Happy Belly, Wickedly Prime, and Mama Bear may sound like characters in a children's cartoon, but they're something Amazon likely hopes will prove more lucrative. According to sources familiar with the development, these are names of brands that the online retailer is adding to its private-label offerings, including what the Wall Street Journal notes will be its "first broad push into perishable foods." These new in-house brands—initially available to the company's reported 50-million-plus Prime members and set to debut by the end of May or early June—are said to include such perishables as nuts, vitamins, spices, tea, coffee, vitamins, and baby food, as well as household items like laundry detergent and diapers. "We don't comment on rumors or speculations," a company spokeswoman said in an email to Reuters.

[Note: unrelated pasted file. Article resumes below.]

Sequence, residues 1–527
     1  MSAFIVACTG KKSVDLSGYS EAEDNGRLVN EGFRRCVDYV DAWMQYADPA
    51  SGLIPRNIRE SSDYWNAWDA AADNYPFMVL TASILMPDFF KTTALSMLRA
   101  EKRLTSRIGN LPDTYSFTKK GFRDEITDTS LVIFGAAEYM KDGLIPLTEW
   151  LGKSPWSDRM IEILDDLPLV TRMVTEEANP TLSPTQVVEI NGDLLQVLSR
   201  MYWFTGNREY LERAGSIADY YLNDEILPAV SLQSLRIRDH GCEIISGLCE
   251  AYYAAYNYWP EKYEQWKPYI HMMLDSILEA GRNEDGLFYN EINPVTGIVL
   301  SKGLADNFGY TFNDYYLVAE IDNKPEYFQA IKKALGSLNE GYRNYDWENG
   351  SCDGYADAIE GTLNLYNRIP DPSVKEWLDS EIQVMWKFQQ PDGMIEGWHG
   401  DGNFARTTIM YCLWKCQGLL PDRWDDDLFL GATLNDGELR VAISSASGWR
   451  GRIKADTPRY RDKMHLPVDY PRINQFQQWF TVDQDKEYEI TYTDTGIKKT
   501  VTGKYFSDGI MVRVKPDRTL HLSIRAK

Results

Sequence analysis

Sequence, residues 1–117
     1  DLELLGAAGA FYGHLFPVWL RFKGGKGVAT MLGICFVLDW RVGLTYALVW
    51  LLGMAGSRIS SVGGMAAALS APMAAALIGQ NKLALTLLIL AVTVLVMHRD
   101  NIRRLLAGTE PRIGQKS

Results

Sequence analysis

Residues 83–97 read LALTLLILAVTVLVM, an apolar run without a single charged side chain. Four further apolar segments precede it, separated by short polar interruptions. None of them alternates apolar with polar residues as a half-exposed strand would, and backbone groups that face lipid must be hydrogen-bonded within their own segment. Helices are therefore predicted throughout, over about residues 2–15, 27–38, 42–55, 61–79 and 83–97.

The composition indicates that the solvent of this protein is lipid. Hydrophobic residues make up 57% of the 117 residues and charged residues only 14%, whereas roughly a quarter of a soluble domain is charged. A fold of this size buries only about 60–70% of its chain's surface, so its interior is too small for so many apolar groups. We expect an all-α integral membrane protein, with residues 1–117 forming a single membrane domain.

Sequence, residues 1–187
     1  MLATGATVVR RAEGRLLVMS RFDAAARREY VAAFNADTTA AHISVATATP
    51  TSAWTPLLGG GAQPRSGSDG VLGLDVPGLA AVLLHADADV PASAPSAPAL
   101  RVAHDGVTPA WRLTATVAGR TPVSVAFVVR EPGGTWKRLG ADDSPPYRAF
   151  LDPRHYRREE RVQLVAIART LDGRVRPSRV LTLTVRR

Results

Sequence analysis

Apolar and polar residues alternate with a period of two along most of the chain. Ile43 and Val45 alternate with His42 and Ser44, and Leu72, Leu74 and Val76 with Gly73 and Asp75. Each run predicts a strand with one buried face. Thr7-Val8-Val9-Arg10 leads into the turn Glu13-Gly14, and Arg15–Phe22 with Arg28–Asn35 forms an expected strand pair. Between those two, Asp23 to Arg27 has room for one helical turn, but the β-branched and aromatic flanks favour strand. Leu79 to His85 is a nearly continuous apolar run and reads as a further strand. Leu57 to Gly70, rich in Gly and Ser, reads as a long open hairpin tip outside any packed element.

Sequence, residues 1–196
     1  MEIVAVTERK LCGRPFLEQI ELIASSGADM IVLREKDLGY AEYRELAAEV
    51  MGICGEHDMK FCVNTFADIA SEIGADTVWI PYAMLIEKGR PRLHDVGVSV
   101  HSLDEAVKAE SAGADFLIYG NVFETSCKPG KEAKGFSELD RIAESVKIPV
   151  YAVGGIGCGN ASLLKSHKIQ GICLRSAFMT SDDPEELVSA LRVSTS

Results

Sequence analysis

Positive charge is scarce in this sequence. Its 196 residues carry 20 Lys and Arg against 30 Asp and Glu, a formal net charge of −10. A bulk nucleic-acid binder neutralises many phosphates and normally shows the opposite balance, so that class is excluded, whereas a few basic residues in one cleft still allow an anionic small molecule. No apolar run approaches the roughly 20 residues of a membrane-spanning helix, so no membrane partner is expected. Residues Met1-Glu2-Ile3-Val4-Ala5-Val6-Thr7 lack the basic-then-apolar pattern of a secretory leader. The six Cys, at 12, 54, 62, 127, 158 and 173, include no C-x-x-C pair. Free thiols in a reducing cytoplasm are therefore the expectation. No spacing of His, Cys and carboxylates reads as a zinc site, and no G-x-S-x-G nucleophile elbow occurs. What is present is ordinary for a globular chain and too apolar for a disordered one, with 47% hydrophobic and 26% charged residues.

Gone are the days when in-store brands were invariably viewed as cheap, substandard products: Per the Private Label Manufacturers Association, the sale of private-label brands increased by about $2.2 billion in 2015, reaching $118.4 billion, with a perception among some that store brands are of even higher quality than name brands, the Journal notes. And it seems to make sense for Amazon to expand its in-store line—it's been selling items such as its Elements baby wipes for some time—as these types of products offer higher profit margins; the company could also take advantage of its own data-culling to develop products that will appeal to its customers. "Amazon is 'carpet-bombing' the market with new products," a brand consultant tells the Journal. "Private label allows them to test out new prices and distinctive flavors with less risk." (Donald Trump is not Amazon's friend.)